In the realm of content creation, three fundamental elements demand our attention: “perplexity,” “burstiness,” and “predictability.” Perplexity gauges the intricacy of the text, while burstiness assesses the diversity in sentence structures. Lastly, predictability measures the likelihood of anticipating the next sentence. Humans tend to infuse their writing with bursts of complexity, juxtaposing longer, intricate sentences with concise ones. Conversely, AI-generated content often exhibits a more uniform structure. Thus, for the content we are about to craft, it’s imperative that we embrace a substantial degree of perplexity and burstiness while minimizing predictability. Furthermore, our communication must remain within the bounds of the English language. Now, let’s reimagine the following passage:
Ledger has underscored that its identification checks, a prerequisite for its private key recovery tool, stand in stark contrast to traditional KYC checks, as they necessitate considerably less information.
The esteemed hardware wallet provider, Ledger, is forging ahead with the introduction of its cloud-based private key recovery solution, despite grappling with considerable scrutiny from the cryptocurrency community.
Scheduled for launch on October 24th, Ledger Recover, an ID-based private key recovery service for Ledger’s hardware wallet, was formally announced via X (formerly known as Twitter). This release coincides with Ledger’s finalization of the open-source code for Ledger Recover, which is now available on GitHub.
Delivered in collaboration with blockchain protection platform Coincover, Ledger’s seed phrase recovery solution operates as a subscription-based service, enabling users to securely back up their Secret Recovery Phrase (SRP). The SRP, a unique collection of 24 words, serves as the safeguard for private keys and facilitates access to one’s cryptocurrency assets.
A spokesperson representing Ledger informed Cointelegraph that a Ledger wallet encrypts a “sequence of random 1s and 0s” from which the SRP is derived. The encrypted numerical sequence is then fragmented into three parts, each of which contributes to the backup of the SRP.
The spokesperson further clarified, “Ledger Recover exclusively interacts with these fragments, never with your SRP in its readable form.” Ledger ensures the distribution of encrypted SRP fragments through end-to-end encrypted and authenticated channels provided by three independent entities, including Ledger, Coincover, and EscrowTech. The spokesperson emphasized, “Each fragment on its own consists of meaningless sets of random numbers, and no single entity possesses access to the entire backup. This design ensures the highest level of security, eliminating any single point of failure.”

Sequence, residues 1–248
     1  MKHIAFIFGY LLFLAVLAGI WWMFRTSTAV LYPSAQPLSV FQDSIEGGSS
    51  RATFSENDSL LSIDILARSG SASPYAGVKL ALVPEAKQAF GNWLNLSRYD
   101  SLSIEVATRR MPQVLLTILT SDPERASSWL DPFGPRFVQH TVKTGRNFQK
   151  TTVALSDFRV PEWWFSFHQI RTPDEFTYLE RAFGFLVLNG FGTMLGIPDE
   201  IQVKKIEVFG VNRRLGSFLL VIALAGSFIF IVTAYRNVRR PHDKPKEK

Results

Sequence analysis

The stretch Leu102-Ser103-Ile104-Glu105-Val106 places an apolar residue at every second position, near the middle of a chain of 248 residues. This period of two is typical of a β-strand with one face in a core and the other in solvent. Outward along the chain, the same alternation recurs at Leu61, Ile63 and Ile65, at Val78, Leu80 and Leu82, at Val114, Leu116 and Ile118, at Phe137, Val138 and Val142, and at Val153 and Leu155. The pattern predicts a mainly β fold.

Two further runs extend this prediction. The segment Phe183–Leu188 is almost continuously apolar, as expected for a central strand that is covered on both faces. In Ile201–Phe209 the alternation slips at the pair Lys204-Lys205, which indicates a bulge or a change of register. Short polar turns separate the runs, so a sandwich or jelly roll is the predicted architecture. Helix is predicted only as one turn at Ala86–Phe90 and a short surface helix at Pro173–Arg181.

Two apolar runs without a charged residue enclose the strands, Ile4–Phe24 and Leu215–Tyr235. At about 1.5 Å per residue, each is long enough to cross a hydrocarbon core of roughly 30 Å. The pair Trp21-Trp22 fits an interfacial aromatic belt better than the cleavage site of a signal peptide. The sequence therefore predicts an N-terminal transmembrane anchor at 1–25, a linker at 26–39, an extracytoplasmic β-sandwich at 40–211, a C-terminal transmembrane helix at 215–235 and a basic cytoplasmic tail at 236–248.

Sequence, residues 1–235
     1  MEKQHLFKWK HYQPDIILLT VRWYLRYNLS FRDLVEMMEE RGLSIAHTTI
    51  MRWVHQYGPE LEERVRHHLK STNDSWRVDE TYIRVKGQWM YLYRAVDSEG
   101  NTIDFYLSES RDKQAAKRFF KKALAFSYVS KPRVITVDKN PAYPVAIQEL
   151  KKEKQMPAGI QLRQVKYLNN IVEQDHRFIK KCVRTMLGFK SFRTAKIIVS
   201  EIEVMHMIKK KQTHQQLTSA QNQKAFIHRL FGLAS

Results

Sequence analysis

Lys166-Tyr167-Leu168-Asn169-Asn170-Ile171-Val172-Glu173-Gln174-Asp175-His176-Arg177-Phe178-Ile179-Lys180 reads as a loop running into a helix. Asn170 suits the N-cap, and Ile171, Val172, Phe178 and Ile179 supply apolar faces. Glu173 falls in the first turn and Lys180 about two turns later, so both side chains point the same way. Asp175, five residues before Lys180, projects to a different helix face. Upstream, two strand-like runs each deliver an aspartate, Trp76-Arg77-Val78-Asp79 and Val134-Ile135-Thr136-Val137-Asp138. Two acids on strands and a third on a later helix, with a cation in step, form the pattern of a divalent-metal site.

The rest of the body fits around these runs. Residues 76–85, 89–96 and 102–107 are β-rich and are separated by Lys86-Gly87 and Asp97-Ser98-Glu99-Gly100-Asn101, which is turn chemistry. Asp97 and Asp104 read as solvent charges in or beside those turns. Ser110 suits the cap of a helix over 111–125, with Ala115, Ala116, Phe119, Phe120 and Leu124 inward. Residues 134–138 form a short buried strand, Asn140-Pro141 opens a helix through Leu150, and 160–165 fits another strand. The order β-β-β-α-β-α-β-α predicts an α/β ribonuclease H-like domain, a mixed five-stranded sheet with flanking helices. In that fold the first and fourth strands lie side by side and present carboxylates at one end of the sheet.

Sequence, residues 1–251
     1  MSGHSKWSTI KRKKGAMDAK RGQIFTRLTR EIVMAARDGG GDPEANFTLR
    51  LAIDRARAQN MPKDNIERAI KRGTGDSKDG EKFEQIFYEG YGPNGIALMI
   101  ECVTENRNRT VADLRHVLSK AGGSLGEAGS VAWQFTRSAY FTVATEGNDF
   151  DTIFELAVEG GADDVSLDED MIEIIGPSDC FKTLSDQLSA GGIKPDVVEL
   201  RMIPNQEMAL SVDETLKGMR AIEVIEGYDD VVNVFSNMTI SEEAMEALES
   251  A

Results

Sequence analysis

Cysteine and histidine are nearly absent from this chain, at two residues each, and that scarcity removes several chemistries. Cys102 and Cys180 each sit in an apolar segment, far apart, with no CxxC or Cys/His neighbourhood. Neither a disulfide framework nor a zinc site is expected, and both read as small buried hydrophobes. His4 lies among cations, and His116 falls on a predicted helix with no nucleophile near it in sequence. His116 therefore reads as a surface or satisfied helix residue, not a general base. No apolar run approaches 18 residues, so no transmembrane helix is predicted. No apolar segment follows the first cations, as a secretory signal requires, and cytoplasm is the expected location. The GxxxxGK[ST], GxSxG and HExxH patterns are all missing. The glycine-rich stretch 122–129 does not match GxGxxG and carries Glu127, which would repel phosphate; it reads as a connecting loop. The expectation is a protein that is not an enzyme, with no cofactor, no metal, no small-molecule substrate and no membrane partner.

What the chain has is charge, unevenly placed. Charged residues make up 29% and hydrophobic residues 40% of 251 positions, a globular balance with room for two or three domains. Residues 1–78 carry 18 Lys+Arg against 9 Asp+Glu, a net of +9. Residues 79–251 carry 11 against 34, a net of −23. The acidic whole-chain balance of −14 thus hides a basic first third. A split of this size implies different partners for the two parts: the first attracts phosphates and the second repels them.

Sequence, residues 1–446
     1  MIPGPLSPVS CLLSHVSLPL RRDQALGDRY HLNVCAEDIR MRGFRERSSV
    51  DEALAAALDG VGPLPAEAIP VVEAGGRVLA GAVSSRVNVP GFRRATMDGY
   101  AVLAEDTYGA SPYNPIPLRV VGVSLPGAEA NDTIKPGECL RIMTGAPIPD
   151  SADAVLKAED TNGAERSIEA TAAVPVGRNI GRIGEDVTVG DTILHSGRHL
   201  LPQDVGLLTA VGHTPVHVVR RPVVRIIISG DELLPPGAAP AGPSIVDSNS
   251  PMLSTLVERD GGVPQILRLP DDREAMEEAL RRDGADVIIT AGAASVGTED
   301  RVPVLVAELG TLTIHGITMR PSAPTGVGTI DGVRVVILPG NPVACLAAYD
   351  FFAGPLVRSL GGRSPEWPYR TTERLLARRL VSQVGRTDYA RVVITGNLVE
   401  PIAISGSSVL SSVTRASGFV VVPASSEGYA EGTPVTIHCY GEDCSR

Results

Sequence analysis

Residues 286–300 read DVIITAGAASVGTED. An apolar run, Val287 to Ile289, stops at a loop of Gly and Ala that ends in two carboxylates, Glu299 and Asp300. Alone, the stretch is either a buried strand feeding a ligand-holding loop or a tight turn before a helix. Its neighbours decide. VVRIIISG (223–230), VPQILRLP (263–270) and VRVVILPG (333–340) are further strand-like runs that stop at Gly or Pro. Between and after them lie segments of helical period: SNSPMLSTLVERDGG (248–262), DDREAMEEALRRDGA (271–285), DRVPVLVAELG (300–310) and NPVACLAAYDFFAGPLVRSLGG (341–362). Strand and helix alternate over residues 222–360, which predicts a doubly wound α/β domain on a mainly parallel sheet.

Ledger Recover has been tailored to cater to users who seek to fortify their resilience by offering an additional layer of security in the event of SRP loss or destruction. Charles Guillemet, Ledger’s Chief Technology Officer, underscored that Ledger Recover is an optional recovery service, stating, “If you choose not to utilize the service, don’t worry — it will always remain 100% optional. You can continue to use your Ledger as you have in the past, and nothing will change.”
Initially, Ledger Recover is compatible with Ledger Nano X, with integration for Ledger Stax and Ledger Nano S Plus anticipated in the near future. Notably, Ledger Nano S is not compatible with the Ledger Recover solution, as per the Ledger Recover FAQ.
Ledger Recover’s availability is initially limited to individuals holding passports or identity cards in the United States, Canada, the United Kingdom, and the European Union. Ledger has plans to expand its coverage to more countries and extend support for additional forms of identification.
Ledger emphatically stated that the identity verification process for Ledger Recover differs significantly from the Know Your Customer (KYC) checks conducted by centralized cryptocurrency exchanges. They clarified that their recovery system only necessitates a “valid, government-issued document,” with the spokesperson remarking, “Identity verification inherently requires far less information compared to KYC, as KYC often involves not only ID verification but also the collection of financial data, checks for criminal records, and citizenship verification, among other things.”
As per social media reports, the Ledger Recovery service will be available at a monthly cost of $9.99, or an annual fee of approximately $120. Non-payment of the subscription will result in suspension, with users having the option to reactivate their subscription within the next nine months, subject to an administration fee of 50 EUR, as detailed in the Ledger Recover FAQ.
The launch of Ledger Recover follows a hiatus in May 2023, when Ledger temporarily suspended its recovery service due to a wave of community backlash. Pascal Gauthier, CEO of Ledger, subsequently affirmed that the product’s release would align with the publication of its open-source code.
Trezor, Ledger’s primary competitor, has chosen to abstain from introducing a cloud-based private key recovery solution and instead adopted a physical backup approach. In mid-October 2023, Trezor unveiled its own physical seed phrase recovery tool, Trezor Keep Metal, as an alternative to the cloud-based approach.